By Paul Suplee,
MBA, CEC, PC-3
Oh, to wake up on Frenchmen Street, a lingering hangover evidence of another successful night in the Big Easy.
It has been two-and-a-half years since I have visited New Orleans, and it saddens me thinking about that much time between my short retreats to the town that makes no sense to most, but which makes all the sense in the world to me.
I have traveled more than my fair share to the mighty town on the Mississippi, but I can’t get enough of the food, music, culture, the thrill of voodoo shops, the back-alley music halls known mostly to the locals and not advertised (yet they’re still packed to the walls).
There is an air of magic, mystery and tragedy that surrounds so much of the city, and that speaks to me.
A few trips ago, I was with old Marine brothers at a reunion. As we are obviously aging, we (as a group) weren’t doing anything too wild. Around 9 p.m., we sat on the curb across the street from the Balcony Music Club and watched the inimitable Ed Wills play a few sets.
The man rivals any blues guitarist out there, and we were mesmerized. However, and again noting that we are getting old, the rally cry was yelled by others in our party; “it’s 10:00! It’s time to go back to the hotel and take our meds!”
It was a matter of seconds before the wagons circled and everyone went back to the hotel to get a good night’s sleep; everyone but me and my good friend Chad. Continuing to watch Mr. Wells wail on the guitar for a few more songs, we then fled east to Frenchmen Street and found some other bars.
We saw band after band play, never missing a note, and stayed up cavorting until 7:30 in the morning.
Then, with great confidence, I went to the front desk and told the attendant that I was Richard Smith in 504 and I lost my wallet and my room key.
She promptly gave me a replacement (it helps to look innocent) and Chad and I went to our buddy Smitty’s room and scared him out of a deep sleep.
That’s about the kindest way that I can put that. We thought it was the funniest thing we had ever done, but Mr. Smith was not too pleased with our behavior. He sent us to our rooms.
Upon waking up three hours later, we hit Bourbon Street and I stopped dead in my tracks as we came upon the Central Grocery. Home to the famed muffuletta sandwich, we waited in line and got our monstrosity of a meal and went on our way.
But it wasn’t before an old man came up to me, as I was wearing my Loyola College T-shirt (my alma mater).
“Did you go to Loyola?”
“Yes sir, I did” I responded with a half-cocked and hungover smile.
“Well, Ignatius of Loyola was an a##hole!” he yelled loudly enough that every person in the shop stopped and stared. You could hear a pin drop.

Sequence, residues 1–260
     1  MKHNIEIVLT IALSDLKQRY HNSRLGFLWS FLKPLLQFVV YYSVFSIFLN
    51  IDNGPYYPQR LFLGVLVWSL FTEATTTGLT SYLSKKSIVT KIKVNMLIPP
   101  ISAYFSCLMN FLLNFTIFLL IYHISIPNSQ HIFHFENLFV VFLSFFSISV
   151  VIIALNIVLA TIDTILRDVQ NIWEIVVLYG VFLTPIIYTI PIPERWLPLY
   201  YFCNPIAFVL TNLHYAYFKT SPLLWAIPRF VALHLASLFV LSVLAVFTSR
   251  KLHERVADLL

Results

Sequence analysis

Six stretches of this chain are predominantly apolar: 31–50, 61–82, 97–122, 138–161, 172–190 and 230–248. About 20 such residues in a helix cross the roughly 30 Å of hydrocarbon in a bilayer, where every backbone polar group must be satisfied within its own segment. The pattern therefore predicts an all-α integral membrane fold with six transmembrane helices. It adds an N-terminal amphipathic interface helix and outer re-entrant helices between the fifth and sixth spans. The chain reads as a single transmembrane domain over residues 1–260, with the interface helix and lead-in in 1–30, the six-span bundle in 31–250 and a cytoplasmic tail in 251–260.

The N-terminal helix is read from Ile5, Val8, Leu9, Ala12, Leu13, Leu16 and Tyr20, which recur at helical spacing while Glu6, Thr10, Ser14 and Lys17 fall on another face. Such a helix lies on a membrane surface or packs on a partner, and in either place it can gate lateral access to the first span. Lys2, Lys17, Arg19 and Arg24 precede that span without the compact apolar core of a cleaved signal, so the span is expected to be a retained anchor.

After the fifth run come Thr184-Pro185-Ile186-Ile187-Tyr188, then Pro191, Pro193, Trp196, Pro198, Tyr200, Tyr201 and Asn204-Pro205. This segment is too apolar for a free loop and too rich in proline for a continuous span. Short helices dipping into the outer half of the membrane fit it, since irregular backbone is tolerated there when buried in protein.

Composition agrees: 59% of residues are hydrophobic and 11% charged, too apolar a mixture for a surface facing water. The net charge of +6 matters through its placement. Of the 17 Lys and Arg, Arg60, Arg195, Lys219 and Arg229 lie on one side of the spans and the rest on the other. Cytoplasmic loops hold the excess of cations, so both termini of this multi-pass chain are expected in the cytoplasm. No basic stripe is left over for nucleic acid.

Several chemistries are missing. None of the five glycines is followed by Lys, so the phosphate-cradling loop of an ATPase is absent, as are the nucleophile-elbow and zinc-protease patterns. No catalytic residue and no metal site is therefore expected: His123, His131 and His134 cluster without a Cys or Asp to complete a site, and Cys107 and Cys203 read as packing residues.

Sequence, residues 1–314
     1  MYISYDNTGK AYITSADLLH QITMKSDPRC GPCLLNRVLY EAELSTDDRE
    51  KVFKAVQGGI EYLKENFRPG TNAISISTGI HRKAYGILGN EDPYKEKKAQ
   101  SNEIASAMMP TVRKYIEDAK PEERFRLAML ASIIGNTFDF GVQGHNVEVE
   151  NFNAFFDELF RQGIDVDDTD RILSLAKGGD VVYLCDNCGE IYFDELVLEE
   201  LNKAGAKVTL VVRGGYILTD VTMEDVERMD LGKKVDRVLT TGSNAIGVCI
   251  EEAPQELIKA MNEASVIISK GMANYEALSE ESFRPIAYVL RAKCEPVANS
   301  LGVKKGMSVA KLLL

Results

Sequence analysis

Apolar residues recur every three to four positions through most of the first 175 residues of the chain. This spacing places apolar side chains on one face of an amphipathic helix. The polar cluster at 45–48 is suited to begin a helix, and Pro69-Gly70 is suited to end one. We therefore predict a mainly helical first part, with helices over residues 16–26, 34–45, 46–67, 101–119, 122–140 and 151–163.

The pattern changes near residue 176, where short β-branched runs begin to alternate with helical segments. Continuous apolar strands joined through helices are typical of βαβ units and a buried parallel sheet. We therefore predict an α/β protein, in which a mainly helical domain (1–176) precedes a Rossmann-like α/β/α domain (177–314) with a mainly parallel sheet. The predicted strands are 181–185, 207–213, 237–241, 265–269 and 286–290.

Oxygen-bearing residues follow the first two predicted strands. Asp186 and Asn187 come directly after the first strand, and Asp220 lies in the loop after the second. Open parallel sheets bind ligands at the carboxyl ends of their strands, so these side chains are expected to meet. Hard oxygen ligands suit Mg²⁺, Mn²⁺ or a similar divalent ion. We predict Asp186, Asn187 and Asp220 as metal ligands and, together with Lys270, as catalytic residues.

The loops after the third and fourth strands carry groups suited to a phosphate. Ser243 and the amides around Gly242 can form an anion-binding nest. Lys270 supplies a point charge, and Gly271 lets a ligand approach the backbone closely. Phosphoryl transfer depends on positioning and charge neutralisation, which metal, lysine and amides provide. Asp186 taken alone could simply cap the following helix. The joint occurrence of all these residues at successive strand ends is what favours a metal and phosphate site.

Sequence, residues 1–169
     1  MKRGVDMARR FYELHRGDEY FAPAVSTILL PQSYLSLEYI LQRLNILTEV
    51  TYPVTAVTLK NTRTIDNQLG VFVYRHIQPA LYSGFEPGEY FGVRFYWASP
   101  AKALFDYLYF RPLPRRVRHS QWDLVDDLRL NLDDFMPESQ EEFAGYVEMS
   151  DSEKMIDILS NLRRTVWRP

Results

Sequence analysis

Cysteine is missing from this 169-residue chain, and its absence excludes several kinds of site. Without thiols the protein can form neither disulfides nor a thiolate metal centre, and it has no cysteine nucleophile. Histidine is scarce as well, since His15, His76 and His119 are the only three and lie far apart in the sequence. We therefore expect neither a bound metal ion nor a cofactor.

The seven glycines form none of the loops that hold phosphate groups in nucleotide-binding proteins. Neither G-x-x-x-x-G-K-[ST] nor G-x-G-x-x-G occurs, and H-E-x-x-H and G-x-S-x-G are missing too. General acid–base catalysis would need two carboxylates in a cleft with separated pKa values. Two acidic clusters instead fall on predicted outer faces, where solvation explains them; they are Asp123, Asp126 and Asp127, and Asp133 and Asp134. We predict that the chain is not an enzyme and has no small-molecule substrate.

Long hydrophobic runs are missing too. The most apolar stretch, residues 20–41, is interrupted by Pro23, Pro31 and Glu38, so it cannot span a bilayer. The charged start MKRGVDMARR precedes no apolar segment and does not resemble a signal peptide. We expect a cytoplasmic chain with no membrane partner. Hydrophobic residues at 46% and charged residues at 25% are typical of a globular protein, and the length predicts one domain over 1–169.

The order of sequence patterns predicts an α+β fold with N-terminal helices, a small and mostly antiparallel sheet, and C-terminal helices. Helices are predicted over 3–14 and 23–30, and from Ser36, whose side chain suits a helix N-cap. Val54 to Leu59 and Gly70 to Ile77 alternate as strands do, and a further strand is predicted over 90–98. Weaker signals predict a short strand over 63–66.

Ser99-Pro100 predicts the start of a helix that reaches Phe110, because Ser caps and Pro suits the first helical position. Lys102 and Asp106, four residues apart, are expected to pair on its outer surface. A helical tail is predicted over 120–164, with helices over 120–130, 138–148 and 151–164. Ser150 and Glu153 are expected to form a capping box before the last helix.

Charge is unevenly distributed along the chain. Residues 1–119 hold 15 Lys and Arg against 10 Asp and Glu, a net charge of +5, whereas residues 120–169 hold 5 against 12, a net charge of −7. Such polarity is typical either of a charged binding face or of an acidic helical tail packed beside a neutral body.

And that, folks, is New Orleans, and exactly why I can’t wait to go back.
1 large bread boule
4 oz. Prosciutto
4 oz. Mortadella
4 oz. Genoa salami
4 oz. Capicola
4 slices provolone
4 slices mozzarella
1 c. Olive relish (recipe follows)
- Slice the bread in half to make a top and bottom
- Carefully tear out some of the crumb (the white part) to make room
- Line the top and bottom with the olive relish
- Shingle the provolone on the bottom and the mozzarella on the top
- Pull the meats apart and fold them individually on the sandwich. If you just plop them down, stuck together, it’s reminiscent of a midnight fridge raid, just shoveling deli meats down your pie hole.
- Carefully rejoin the top and bottom to create your glorious masterpiece.
- Slice in half and serve with pepperoncini.
makes about a quart
2 c. Green olives, stuffed with pimientos
2 c. Pickled Italian veggies OR
Quick pickled vegetables (recipe follows)
Red vinegar, as needed
3 Tbsp. Coarse stone mustard
- Place the first three ingredients in a food processor and pulse until it is a coarse relish, akin to a tapenade.
- Adjust flavors with the last three.
Quick Pickled Vegetables
makes about a quart
1 c. Cauliflower
1 c. Cut green beans
2 ribs celery, cut into 3” pieces
1 Onion, cut into eighths
1 carrot, cut into sticks
1/2 tsp. Cinnamon
1/4 tsp. Ground cloves
1 tsp. Salt
1 c. Red wine vinegar
1 tsp. Dill
- This is a cheater method, so if you don’t have a vacuum chamber (not a food saver), simply boil the vinegar with spices, cover the vegetables and let sit overnight in the refrigerator.
- Assuming that you are cool enough to have a vacuum chamber, place all ingredients in a vacuum bag and mix well.
- Vacuum for 25 seconds and seal
- Let the vegetables sit for at least one hour, and then they are ready to go. They will not have the fully developed flavor of a pickle that has sat for months at room temperature with cheesecloth on top in your grandma’s basement, but they will work just fine in a pinch.
—Paul Suplee is a Professor of Culinary Arts at
Wor-Wic Community College and owner of boxcar40.
Visit him at www.boxcar40.com.